“They are a great team,” Glenn Robinson III said. “They move the ball and play together. I think that we can learn a lot of things from them.”

Hmm. Might that be a subtle hint that some of those zero-pass possessions D-Lo seems to manufacture several times a game might be counterproductive?

There was a lot of talk about the young guys -- rookies Eric Paschall and Poole, and second-year guard Jacob Evans III -- needing time to adjust to the ways of the NBA, its physicality and demanding schedule. And while there is some truth to that, the Warriors on this night and a few others have fallen victim to their own inertia.

[RELATED: Outsider Observations: Stop comparing Paschall to Draymond]

Maybe it crested against the Jazz, who outrebounded the Warriors 56-37 and drained 11 more 3-pointers (17-6) while shooting 53.8 percent from the field. Utah missed 11 free throws and still won by 33.

Kerr used the term “demoralized” several times after the game, and it seemed fitting to the effort. But it’s Game No. 46, and it must be played. Then, too, the checks still cash.

“It’s no fun losing,” Kerr said. “But you have to go out and we have another game in two days and you have to keep pushing and keep plugging away.

“Nobody is going to feel sorry for us, especially after the last five years.”

Warriors takeaways: What we learned in 129-96 blowout loss vs. Jazz

Warriors takeaways: What we learned in 129-96 blowout loss vs. Jazz


SAN FRANCISCO -- In a season of unwanted firsts for the Warriors under coach Steve Kerr, another authoritatively landed on their heads Wednesday night at Chase Center.

Their 129-96 loss to the Utah Jazz represents the first 0-4 record in a season series under Kerr.

The Warriors (10-36), who have lost 12 of their last 13 games, were led in scoring by D’Angelo Russell, who totaled a game-high 26 points.

Utah (31-13) is the hottest team in the NBA, having won 18 of its last 20 games.

Here are three takeaways from a game in which the Warriors trailed by double digits after the opening nine minutes:

Destroyed on the glass

Because the Jazz, with 7-foot-1 Rudy Gobert, are among the bigger teams in the NBA, the Warriors know the formula on the glass is to be hyper-aggressive. That’s how they outrebounded Utah in two of three previous meetings.

That aggression rarely surfaced Wednesday, and the Warriors paid for their negligence. They were clobbered, 56-37, in that area.

Far too often, they were caught flat-footed. One glaring example came in the second quarter, when Jordan Clarkson missed a 3-pointer from the top of the arc and the long rebound bounced back to him as Russell offered a half-hearted stride and flail.

Marquese Chriss grabbed a team-high eight boards, and Alec Burks snagged six. No starter had more than four.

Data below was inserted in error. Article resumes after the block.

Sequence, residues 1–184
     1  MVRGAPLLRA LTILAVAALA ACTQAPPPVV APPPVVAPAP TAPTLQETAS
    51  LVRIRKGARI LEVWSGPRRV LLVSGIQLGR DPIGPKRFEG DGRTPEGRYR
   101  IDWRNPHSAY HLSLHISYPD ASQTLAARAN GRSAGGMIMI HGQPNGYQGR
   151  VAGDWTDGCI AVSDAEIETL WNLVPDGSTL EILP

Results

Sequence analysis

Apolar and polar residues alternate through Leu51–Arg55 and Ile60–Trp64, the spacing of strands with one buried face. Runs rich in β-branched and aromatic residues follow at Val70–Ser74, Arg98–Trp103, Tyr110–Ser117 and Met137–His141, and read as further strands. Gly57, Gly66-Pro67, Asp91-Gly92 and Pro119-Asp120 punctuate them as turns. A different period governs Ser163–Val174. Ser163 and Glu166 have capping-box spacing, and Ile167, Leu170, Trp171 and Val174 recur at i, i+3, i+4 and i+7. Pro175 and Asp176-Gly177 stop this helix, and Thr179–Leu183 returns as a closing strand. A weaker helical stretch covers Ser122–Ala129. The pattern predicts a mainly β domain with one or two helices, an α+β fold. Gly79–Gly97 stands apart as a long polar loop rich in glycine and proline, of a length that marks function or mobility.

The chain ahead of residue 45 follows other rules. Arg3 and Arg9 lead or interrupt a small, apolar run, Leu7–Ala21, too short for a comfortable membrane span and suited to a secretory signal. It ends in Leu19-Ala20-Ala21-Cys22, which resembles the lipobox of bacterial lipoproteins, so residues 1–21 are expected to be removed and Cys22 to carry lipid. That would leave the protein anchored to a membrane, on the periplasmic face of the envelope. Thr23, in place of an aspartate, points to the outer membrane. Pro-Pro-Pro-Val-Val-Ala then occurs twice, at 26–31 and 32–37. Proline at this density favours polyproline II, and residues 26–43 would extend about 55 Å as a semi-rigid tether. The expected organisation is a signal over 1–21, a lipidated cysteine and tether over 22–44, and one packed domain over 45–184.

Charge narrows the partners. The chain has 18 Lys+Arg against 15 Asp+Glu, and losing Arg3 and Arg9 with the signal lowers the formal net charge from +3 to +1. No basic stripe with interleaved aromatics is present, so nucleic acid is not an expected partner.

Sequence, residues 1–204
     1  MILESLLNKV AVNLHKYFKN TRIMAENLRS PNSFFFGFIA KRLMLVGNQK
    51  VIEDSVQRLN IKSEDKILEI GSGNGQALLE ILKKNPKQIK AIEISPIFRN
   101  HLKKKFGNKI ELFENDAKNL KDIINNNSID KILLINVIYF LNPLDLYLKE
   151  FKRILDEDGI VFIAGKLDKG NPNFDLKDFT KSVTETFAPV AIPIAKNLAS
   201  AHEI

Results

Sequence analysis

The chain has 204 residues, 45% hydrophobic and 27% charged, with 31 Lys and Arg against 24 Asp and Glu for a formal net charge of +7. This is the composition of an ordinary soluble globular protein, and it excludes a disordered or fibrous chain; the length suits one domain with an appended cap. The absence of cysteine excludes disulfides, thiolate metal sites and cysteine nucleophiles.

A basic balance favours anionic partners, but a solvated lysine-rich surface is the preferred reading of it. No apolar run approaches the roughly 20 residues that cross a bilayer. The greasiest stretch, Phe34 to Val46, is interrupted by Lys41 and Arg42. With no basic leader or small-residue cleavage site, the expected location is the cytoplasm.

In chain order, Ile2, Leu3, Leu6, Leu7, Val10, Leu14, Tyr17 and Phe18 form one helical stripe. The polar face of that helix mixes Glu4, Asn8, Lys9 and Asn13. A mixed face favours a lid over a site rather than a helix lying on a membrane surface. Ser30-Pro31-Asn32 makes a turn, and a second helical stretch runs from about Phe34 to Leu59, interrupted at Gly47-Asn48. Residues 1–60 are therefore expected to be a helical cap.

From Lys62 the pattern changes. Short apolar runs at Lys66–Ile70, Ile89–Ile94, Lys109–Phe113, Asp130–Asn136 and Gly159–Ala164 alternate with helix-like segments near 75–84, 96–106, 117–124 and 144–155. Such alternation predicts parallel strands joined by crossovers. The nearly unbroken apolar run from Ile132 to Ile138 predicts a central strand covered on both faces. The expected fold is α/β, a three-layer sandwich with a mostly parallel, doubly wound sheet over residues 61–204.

[RELATED: Why Dubs are in power position with Burks at trade deadline]

Simply put, the Warriors were outworked. This was the sixth time in the last eight games that Golden State was beaten on the glass -- and the worst differential this season.

Draymond vs. whistles

Though he has come perilously close in the past, Draymond Green has never crossed the threshold for being assessed technical fouls without suspension.

That could change this season. He was T’d up for the NBA-high 12th time this season Wednesday night and is five away from 17, which would result in an automatic one-game suspension. The fine, which rises to $4,000 once a player reaches 11, rises to $5,000 once a player reaches 16.

Green is averaging one technical foul every 2.75 games he plays -- by far the highest per-game average in the league this season and also the highest of his career.

Truth told, if ever there is to be a season when Green might take a suspension, it is this one. There are no stakes, and he is at his most effective when the games really matter.

D-Lee and his missing 3

The 3-point shot, which was Damion Lee’s ticket out of the G League and into the NBA, is in snooze mode.

Lee was 0-of-1 from beyond the arc Wednesday, and in four games since his two-way contract was converted to a standard NBA contract, he is 3-of-15 from distance.

The numbers are particularly surprising insofar as Lee had been shooting so well since entering the starting lineup on Dec. 15 and becoming a fixture. In 10 games last month, he shot 42.5 percent from deep.

Lee likely will remain the starting shooting guard, at least for now. Rookie Jordan Poole isn’t ready for that burden and any chance of going back to the Stephen Curry-D’Angelo Russell backcourt that opened the season is more than a month away.